An investor who is interested in rehabilitating a building for any purpose often requires borrowed capital. The purpose of this capital is to give the investor the money he or she needs to complete the project quickly. For example, if you are investing in a rental property that requires extensive repairs, a rehab loan gives the borrower the money he or she needs to make these repairs. Once the repairs are complete, the borrower can begin renting the property and making a profit. Rehab loans are also ideal for fix-and-flip situations.
Regardless of the reason for the loan, borrowers needing loans for rehabilitation purposes often need to work with hard money lenders.
What Is a Rehab Loan?
What Is a Hard Money Loan?
Like a conventional mortgage, a is a loan secured by real property. However, hard money loans don’t conform to the same requirements as a conventional mortgage. As a result, they are often easier to qualify for. Because hard money loans represent a greater risk for the lender, they typically feature higher interest rates to compensate. Nonetheless, hard money loans are an excellent option for borrowers who need non-traditional financing.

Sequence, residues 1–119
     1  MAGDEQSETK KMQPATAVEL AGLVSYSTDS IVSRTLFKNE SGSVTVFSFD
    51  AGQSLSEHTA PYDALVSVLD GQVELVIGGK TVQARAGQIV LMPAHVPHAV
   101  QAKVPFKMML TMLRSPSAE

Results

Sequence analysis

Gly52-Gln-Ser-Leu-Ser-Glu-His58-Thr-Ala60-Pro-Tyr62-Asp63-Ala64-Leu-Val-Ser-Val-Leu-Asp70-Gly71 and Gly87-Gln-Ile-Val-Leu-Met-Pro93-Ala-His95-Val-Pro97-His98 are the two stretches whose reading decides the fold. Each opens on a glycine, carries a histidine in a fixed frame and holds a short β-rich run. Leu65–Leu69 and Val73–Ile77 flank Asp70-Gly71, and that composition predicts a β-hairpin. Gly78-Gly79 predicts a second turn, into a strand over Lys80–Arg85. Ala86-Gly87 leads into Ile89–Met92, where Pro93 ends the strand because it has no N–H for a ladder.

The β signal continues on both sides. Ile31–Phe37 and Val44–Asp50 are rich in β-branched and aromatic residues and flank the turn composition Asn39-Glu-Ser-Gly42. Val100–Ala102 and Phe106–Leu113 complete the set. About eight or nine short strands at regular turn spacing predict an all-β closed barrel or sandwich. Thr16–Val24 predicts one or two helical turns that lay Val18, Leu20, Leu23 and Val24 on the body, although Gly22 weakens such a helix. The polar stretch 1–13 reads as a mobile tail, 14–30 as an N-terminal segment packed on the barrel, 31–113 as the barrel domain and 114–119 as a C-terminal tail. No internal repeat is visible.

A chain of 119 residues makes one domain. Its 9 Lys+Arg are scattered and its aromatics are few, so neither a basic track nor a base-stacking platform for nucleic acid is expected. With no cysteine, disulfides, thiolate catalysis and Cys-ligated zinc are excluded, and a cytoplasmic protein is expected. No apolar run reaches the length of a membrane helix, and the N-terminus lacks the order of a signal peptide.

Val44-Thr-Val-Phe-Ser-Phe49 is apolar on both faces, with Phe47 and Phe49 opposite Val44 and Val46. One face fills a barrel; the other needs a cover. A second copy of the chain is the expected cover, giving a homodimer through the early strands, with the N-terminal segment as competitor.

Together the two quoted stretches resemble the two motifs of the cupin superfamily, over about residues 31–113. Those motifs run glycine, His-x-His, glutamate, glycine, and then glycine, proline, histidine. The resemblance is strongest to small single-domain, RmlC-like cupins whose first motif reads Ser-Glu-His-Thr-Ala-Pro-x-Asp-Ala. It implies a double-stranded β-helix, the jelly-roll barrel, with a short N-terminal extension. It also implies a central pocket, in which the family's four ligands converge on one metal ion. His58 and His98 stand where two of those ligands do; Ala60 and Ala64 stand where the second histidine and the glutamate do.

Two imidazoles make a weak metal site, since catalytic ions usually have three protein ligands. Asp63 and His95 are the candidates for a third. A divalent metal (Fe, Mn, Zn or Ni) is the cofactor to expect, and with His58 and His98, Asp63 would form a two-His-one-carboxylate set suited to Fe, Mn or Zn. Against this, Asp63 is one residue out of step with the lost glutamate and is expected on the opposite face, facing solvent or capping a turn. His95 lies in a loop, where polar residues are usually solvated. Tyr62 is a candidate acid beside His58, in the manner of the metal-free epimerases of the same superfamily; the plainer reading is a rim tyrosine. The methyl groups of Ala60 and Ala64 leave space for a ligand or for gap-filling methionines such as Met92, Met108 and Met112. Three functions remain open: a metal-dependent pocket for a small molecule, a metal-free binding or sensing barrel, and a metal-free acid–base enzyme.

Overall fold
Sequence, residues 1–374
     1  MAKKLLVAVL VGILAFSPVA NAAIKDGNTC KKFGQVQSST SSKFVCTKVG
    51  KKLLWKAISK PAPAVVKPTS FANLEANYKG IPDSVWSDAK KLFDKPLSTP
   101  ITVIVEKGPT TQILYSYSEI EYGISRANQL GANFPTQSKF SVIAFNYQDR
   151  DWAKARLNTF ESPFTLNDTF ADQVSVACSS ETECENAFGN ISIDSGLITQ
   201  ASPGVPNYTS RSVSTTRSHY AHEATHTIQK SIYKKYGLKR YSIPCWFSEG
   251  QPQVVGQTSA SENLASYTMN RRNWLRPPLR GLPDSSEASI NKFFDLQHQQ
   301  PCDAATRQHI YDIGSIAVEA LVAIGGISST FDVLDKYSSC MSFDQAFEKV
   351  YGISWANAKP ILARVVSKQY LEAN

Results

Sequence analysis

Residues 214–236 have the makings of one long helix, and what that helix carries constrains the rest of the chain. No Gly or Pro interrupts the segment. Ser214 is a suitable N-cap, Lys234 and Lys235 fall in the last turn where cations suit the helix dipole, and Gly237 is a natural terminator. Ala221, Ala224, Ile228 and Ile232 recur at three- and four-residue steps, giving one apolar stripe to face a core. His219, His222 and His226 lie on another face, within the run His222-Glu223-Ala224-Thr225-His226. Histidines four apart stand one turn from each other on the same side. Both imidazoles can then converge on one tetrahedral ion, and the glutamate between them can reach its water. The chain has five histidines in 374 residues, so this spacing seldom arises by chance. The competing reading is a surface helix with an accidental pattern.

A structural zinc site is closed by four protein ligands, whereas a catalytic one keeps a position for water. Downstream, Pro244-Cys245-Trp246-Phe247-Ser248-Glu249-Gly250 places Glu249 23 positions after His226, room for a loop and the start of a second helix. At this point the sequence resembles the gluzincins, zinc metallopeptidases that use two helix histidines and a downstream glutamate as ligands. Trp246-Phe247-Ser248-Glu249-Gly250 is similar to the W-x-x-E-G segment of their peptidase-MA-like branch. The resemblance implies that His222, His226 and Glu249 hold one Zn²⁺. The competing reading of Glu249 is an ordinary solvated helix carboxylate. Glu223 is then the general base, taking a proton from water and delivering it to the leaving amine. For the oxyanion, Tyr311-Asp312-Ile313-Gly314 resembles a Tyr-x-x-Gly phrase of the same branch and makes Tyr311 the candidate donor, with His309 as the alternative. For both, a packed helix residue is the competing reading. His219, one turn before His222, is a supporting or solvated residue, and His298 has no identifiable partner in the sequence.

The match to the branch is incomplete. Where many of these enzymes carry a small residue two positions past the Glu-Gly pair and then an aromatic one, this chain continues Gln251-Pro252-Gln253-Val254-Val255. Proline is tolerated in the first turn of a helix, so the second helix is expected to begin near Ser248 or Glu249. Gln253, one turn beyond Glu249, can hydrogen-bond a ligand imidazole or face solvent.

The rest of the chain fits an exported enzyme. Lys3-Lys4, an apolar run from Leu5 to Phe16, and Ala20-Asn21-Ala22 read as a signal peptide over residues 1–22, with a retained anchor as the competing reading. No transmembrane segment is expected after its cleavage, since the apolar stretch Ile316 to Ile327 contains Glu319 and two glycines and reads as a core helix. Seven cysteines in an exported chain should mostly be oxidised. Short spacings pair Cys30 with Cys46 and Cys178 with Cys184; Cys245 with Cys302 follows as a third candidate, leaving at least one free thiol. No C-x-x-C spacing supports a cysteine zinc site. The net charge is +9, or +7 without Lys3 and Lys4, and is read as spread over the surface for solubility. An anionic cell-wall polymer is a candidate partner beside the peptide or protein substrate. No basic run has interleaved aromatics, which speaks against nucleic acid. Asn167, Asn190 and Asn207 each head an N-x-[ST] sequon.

Qualifying for a Hard Money Rehab Loan
Qualifying for a hard money loan is often easier than qualifying for a traditional mortgage. However, to qualify for a hard money rehab loan, borrowers will still need to provide the lender with certain information and meet certain requirements. Because the loan involves an existing property that needs repairs, the borrower will need to provide information about the current value of the property, the intended repairs and the estimated value of the property when the rehabilitation is complete.
Borrowers will also need to submit to a credit check and provide documentation of income and assets.
Because rehab loans are intended to improve the value of the property that secures them, the maximum loan amount is often higher than the property’s current value. Borrowers can learn more about the maximum loan amount available by discussing the specific property with their lender.
Hard Money Rehab Loans versus an Owner-Occupied Loan
Most conventional mortgages are owner-occupied loans, which means that the borrower intends to reside at the property securing the mortgage for at least 12 months after closing. In general, hard money rehab loans are geared toward borrowers who intend to use the property for business or investment purposes after completing the repairs. However, in some cases, it may be possible for a borrower to qualify for an owner-occupied hard money loan. Borrowers should discuss this issue with the lender to learn more about the options available. In cases where a borrower intends to occupy the property in question, a different type of mortgage may be preferable.